December 11, 2018

Mark Ivanir Lives for Shady Characters

Portraying spies, thugs and other shady characters has its consequences. Just ask Mark Ivanir, whose character, Russian intelligence agent Ivan Krupin, made his final exit from “Homeland” this month.

“I’ve died dozens of times,” Ivanir told the Journal. “This was the first time I died in a body bag thrown into a river.”

He has the face for playing tough guys, he said, as his new role as a sadistic Chechen enforcer in the HBO dark comedy series “Barry” confirms.

The 49-year-old versatile Russian-Israeli actor also can be seen as Israeli Lt. Gen. Mordechai “Motta” Gur in the film “7 Days in Entebbe,” about the raid to rescue hostages from Uganda in 1976. And he has shown his comedic side as an Israeli security guard in the fourth season of “Transparent” and a talent agent in the Israeli sitcom “Beauty and the Baker,” now streaming on Amazon Prime.

That series made Ivanir famous in Israel, where he’s regularly hugged and stopped for selfies. In Asia, he’s recognized for the hit martial arts films “Undisputed 2” and “Undisputed 3.” He has played numerous Jewish characters, including a Holocaust survivor in “Bye Bye Germany” and Marcel Goldberg in “Schindler’s List.” The latter role helped him get his work visa and an American agent. “Had I not done it,” Ivanir said, “I wouldn’t have stayed in L.A.”

The son of language teacher parents, Ivanir was born in Chernivtsi, in what is now Ukraine and raised with no connection to Judaism. That changed when his family moved to Israel in 1972 and he was exposed to Jewish studies. “I loved reading the Bible,” he recalled.

Today, he’s “culturally” Jewish. He’s hosting a seder for Israeli and non-Israeli friends this year with Maya, his wife of nearly 25 years, and daughters Daniella, 16, and Sasha, 13.

“I’ve died dozens of times. This was the first time I died in a body bag thrown into a river.” — Mark Ivanir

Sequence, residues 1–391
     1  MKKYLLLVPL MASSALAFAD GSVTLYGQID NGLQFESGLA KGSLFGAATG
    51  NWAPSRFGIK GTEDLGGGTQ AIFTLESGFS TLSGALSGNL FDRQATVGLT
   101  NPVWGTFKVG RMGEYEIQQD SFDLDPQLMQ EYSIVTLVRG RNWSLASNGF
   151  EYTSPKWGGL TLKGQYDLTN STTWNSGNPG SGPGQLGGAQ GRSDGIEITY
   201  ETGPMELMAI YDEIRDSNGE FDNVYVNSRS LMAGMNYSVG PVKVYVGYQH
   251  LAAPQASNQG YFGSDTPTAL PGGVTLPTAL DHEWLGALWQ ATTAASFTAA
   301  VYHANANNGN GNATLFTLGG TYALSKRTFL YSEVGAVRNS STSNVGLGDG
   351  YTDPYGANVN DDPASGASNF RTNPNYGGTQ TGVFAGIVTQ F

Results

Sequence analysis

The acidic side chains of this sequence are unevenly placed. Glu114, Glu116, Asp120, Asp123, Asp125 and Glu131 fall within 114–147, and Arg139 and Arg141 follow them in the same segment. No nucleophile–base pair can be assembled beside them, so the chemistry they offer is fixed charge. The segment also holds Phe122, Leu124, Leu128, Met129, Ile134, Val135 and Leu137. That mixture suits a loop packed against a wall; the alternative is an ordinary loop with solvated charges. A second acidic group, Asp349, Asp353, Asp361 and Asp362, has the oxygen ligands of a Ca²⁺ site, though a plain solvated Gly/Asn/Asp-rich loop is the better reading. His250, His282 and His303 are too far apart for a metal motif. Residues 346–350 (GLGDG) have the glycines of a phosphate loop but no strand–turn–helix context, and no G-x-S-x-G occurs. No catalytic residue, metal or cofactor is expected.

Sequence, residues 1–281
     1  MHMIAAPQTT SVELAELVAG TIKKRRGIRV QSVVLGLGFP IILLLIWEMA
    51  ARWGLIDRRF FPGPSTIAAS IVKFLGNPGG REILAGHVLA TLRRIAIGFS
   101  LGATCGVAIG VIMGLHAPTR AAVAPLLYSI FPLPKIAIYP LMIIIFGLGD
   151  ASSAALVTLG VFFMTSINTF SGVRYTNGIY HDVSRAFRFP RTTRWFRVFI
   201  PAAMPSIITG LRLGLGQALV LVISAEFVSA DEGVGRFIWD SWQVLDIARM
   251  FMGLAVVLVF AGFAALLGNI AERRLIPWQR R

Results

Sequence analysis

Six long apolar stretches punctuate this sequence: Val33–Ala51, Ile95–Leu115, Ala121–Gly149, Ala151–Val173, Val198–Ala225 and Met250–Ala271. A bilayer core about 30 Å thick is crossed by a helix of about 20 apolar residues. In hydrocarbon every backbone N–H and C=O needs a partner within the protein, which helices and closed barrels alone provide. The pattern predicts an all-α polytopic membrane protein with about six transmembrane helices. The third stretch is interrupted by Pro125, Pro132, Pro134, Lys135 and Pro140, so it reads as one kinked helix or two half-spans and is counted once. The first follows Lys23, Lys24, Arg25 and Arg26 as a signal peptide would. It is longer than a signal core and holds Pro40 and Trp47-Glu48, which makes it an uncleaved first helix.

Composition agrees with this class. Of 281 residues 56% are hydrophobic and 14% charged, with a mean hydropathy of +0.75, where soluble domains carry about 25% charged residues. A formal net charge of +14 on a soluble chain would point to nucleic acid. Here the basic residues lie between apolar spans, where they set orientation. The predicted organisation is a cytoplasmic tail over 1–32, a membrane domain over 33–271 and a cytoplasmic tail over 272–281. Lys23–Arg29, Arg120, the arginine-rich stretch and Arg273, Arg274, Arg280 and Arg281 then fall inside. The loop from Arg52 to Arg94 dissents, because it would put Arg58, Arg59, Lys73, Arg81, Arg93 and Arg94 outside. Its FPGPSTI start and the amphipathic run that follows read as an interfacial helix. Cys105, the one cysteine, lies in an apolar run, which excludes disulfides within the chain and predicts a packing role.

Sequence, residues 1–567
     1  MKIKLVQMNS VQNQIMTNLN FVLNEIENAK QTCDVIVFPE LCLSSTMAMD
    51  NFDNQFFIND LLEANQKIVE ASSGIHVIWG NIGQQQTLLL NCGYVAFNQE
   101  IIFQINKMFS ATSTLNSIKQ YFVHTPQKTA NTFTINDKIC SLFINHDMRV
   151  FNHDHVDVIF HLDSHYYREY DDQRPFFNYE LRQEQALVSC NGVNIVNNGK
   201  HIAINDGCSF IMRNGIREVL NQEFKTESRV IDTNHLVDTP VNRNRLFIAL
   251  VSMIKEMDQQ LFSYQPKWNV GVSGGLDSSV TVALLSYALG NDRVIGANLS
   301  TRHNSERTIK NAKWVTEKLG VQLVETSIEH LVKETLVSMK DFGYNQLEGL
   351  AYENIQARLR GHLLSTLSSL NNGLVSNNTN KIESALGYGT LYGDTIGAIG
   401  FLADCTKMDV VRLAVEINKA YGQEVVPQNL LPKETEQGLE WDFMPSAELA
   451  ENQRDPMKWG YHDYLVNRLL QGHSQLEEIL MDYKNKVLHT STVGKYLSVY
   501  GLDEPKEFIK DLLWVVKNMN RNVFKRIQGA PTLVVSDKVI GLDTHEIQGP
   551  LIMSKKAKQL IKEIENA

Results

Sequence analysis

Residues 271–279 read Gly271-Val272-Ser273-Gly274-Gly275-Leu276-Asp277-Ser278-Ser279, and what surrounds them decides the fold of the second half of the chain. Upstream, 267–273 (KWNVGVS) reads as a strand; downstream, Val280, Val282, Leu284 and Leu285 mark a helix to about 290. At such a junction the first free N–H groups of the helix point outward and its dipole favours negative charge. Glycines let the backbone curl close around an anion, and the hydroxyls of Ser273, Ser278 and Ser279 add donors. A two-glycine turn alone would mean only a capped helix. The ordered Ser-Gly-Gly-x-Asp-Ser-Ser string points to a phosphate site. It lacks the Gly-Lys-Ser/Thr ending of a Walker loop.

Ivanir met Maya, an interior designer, when she came to see her friend’s husband play Guildenstern in “Rosencrantz and Guildenstern Are Dead” at Tel Aviv’s Gesher Theater. Ivanir, a founding member of the theater, played Rosencrantz.

“I knew that I was going to become an actor since I was 5. I think it’s somewhat genetic,” Ivanir said. His maternal grandfather was a writer and actor in Yiddish theater, and his father acted a bit, as well.

Trained in clowning at a circus school, Ivanir worked in a French circus before returning to Israel to study at the Nissan Nativ Acting Studio. He speaks fluent French and German in addition to Hebrew, Russian and English — a big advantage in landing roles internationally, he said.

He has a top-secret project he’ll begin shooting in May, and has completed work on “The Red Sea Diving Resort,” from writer-director Gideon Raff, the creator of the Israeli series on which “Homeland” is based. Named for the Mossad’s (Israel’s intelligence agency) secret base of operations, the film is about the covert mission to airlift Ethiopian Jews to Israel in May 1991.

For Ivanir, who served as an intelligence operative in the Israel Defense Forces, playing Mossad chief Barack Isaacs was all too real. “I was on a few of these flights,” he said. “I had shivers shooting the scenes because it was so close to how it was.”

In the future, Ivanir would love to work with Steven Spielberg and Robert De Niro again, and Martin Scorsese, “all the legends.” He looks for well-written parts, a fresh take on a story, the opportunity to change his looks for a character, and the opportunity to move between comedy and drama in something he hasn’t done before.

“I don’t like to repeat myself,” he said. “When you work for a long time, you look for things that excite you. I’m excited about the project that hasn’t happened yet.”

“Barry” airs Sundays on HBO.